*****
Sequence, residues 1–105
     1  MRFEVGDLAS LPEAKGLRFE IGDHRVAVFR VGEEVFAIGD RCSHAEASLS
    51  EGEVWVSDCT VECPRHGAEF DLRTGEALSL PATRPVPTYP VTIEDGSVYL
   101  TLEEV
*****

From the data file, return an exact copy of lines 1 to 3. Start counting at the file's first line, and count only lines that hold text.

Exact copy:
Sequence, residues 1–105
     1  MRFEVGDLAS LPEAKGLRFE IGDHRVAVFR VGEEVFAIGD RCSHAEASLS
    51  EGEVWVSDCT VECPRHGAEF DLRTGEALSL PATRPVPTYP VTIEDGSVYL